About a decade ago, an airbag came between my head and the windshield on a snowy Christmas Eve on my way to a must-see exhibit at Albright-Knox Art Gallery in Buffalo, N.Y. "Airbag face in three," I heard the ER nurse shout to the attending.
After being whisked off to the city's finest plastic surgeon for basic wound care, I thought I got off easy, until the headache and chronic testy mood set in. Concentration diminished, making my already minuscule attention span smaller, and I was unable to tolerate noisy restaurants, most movies and guitar-playing kids.
The diagnosis, — post concussion syndrome — was a fancy way of saying my brain bashed up against the side of my skull and had bruised.
At the time, doctors had little to offer me other than meds for the bad mood. Eventually, the symptoms subsided and I went back to just my usual ditziness. The experience made me wonder why we don't know and understand more about concussions, especially in this land of Friday Night Lights, where we send our young men to crash into each other at full speed in pursuit of a pointy brown ball.
Recently, when concussions in football players came under scrutiny, my curiosity was piqued again. Malcolm Gladwell's New Yorker essay, Offensive Play: How different are dogfighting and football?, tells the story in painstaking detail. Concussions have finally came out of the closet.
Repeated brain trauma is even more serious. After a study of 20 athletes' brains, scientists noticed changes resembling Alzheimer's disease. When Cincinnati Bengals wide receiver Chris Henry died after falling off the back of a moving pickup truck after taking off after his girlfriend in a domestic-violence-incident rage, an autopsy revealed chronic traumatic encephalopathy, a form of degenerative brain damage linked to multiple blows to the head.
This shocking news brought concussions and athletes further into the spotlight.
So it's no surprise that I am excited to see the Methodist Neurological Institute tackle this problem head on through the formation of its new Concussion Center, headed up by Dr. Howard Derman. After being appointed the Houston Texans' concussion expert, Derman was ready to take concussion awareness and treatment to the next level through a special partnership with the Houston Texans and Texans quarterback Matt Schaub, who suffered a concussion in 2007.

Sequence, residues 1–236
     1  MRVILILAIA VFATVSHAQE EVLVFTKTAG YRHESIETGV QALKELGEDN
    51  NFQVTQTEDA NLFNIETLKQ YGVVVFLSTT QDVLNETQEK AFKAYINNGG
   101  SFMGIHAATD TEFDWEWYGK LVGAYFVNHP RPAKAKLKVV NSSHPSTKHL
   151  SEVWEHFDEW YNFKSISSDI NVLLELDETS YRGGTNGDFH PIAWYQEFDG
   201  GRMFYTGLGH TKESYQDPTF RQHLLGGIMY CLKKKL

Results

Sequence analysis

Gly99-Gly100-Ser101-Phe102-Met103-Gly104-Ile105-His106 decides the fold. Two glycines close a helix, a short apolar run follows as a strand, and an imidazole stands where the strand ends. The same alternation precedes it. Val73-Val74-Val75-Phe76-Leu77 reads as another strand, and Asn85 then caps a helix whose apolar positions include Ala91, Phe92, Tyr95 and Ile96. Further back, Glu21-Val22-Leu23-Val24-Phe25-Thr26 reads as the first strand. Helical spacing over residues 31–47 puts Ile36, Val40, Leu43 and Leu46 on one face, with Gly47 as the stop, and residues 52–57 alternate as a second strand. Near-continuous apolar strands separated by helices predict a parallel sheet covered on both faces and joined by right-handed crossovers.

The Concussion Center is the first of its kind in Houston.
The mission of the center is threefold — evaluation, education and research. The center offers ImPACT testing, which stands for Post-Concussion Assessment and Cognitive Testing, to student athletes and patients. The test consists of a series of questions, providing a baseline of an athlete's cognitive function before the season, which helps doctors figure out the extent of any head injury that happens later.
Concussions are tricky things. Symptoms include headache, nausea, dizziness, memory loss, balance issues and irritability. I had the first one, and the last one big time, just ask the Wozny clan.
"Imagine a rubber ball bouncing against a cardboard box; Your brain is the ball and the skull is the box," Derman says. "You shake the brain around and it hits the box in various places, causing different symptoms. Personality is in front, balance on the side. It's not brain damage, more of a bruise to the brain."
Ether way, your noggin smashing into your skull is not a good idea, and we should take concussions very seriously. Each year, Americans suffer approximately 3.8 millions concussions due to sports or other head trauma. That's a whole lot of brain bashing.
The good news is that, in most cases, the brain does recover. "Cognition comes back," Derman says. "We give patients mental exercises to help during that time." Recovery time varies, from as soon as a few weeks to several months. Diagnosis is largely clinical, although functional MRIs are used in some cases.
Today, the NFL is fully on board with this situation. Yet Derman remains concerned with the safety of high school football, where there is much-less regulation and losing teams can put prestigious coaching jobs on the line.
The center is actively working with the area's high school football players with a team of trainers ready to see any injured athlete within 24 hours. A handy wallet card streamlines the process. Better equipment plays a role but offers limited protection.
"You can have the best helmet in the world, with 20 layers of cushion, and that would not prevent your brain from hitting your skull," Derman says. "It can help cushion the blow, but it's naive to think better helmets can solve the problem."
Along with education, research is also a top priority. "We need to understand why some players develop permanent problems and others don't," Derman says.
Concussions don't just happen to football players. Derman and his team treat regular people, weekend athletes, bikers, lacrosse players — anyone who has received a blow to the head.
Look at me, I was just on my way to an art museum. To this day, my son likes to remind me: "Art is dangerous and can hurt your head."